Julia Sosniecki | Staff Writer
Athens, Beijing, London, and coming in 2016: Rio. The Olympic Games bring our country together in support for our most dedicated and skilled athletes. The process is selective, and while the chance an athlete will get to represent our nation is slim, it is possible. Local boxer Flavio Becerra, a freshman at Century College, has a plan to try and fight his way to the top.
At age 14, Becerra (now 18) began to take an interest in boxing. This interest was for no reason other than “it sounded kind of cool,” so he started going to the White Bear Lake Boxing Club and has been training there since.
Over the summer Becerra had the opportunity to compete in the 2013 Ringside World Championship, which took place in Missouri. Any boxer from throughout the world may attend. “I really like that tournament a lot because you know you get to see people from different places of the world and see how they fight.” The diverse competition fought hard, but in the end Becerra became the champion of his age bracket.
This win was a great success and helped get major recognition, but if Becerra wants the chance to prove himself at the Olympic tryouts he will have to win another national tournament once he is nineteen. This would mean winning the Ringside tournament again, the National Police Athletic League Boxing Championship, the USA Boxing Tournament, or the Golden Gloves. This is because Olympic boxing consists of 19-40 year olds.
Once having obtained a national title, there are eight people total at the tryouts who fight to represent the United States. This will take place in 2015, the year prior to the games. They will take the competitors who finish in first and second place to work out for that year before the Games. The person who finishes second place is taken just in case the other gets hurt and is unable to compete.
The White Bear Lake High School graduate understands the reality of the competitiveness of making it to the Olympics, and the fact that after age 35, one is probably not going to be a good fighter. This is why he is also attending Century College. His major is undeclared as of now, but he may find a major in Electrical Engineering. “I think I’m doing school more like as a backup ‘cause obviously there’s only one champion… If that ain’t me, then at least I have school and education to make something out of my life.”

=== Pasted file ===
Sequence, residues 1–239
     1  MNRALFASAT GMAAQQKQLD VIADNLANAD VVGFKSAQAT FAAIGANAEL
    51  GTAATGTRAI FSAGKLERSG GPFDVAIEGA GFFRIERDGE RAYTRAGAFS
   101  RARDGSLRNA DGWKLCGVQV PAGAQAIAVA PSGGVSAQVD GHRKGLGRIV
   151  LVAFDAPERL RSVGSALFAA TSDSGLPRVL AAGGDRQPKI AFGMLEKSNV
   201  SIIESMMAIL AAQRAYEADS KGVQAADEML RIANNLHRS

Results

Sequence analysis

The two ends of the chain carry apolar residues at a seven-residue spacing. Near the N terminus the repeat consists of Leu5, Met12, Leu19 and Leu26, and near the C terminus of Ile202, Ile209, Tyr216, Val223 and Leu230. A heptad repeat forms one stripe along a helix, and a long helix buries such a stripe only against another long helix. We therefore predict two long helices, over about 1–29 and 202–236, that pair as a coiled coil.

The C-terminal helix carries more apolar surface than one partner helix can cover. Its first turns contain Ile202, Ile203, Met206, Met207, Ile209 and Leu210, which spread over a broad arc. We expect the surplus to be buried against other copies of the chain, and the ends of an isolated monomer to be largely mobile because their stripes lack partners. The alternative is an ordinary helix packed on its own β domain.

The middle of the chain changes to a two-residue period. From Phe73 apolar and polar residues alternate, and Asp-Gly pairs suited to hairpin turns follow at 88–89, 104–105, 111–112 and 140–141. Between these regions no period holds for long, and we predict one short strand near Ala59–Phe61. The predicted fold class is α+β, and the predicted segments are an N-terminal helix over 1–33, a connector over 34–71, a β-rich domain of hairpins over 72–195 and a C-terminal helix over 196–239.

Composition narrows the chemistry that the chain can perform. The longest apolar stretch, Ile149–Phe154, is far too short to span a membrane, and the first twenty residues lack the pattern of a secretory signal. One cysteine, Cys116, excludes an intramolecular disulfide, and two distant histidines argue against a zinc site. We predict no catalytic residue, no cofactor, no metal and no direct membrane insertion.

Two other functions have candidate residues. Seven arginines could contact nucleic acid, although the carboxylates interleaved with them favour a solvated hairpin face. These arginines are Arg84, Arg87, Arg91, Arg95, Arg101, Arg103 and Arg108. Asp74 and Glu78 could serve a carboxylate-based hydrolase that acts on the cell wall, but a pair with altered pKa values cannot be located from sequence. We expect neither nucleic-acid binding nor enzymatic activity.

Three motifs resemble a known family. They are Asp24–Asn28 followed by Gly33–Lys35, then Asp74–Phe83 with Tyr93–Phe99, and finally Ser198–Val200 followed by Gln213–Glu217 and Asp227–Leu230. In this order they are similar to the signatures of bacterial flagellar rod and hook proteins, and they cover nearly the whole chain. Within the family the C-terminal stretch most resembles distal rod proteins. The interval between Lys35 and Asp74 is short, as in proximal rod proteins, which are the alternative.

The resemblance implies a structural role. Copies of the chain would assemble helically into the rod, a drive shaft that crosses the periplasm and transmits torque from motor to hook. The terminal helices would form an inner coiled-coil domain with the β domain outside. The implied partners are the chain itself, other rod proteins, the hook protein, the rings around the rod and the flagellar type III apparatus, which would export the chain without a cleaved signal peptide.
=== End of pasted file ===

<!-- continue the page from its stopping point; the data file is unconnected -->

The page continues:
When it comes to the hectic life of a serious boxer, the schedule is packed with working out. Becerra is training at the club every day from 5-7pm and then goes running, does pushups, sit-ups, etc. “So I get done around like nineish, and then do homework, go to sleep, do it over again.”
Like any sport, the commitment to training also includes a risk of injury. When asked how dangerous boxing is Becerra responded, “Actually it’s not that dangerous. Like, you’d probably get hurt more playing football… I mean sure, you might get a little black eye, or here and there a little cut.”
To anyone looking at getting involved with boxing, just find a local boxing gym and they will help guide and teach you the skills you need to know. To the children and young adults looking at getting into boxing seriously like Becerra, his advice is, “Stay focused. I think that’s the main thing…you kind of got to be consistent and go every day and try to work out every day and just get better. Don’t smoke or drink because that will bring you down.”
Working hard is essential to achieve great dreams and goals. Becerra has certainly exhibited this determined state of mind. He will continue on the drive he has to hopefully fight his way to the top. Century College will certainly be keeping an eye on his success to come.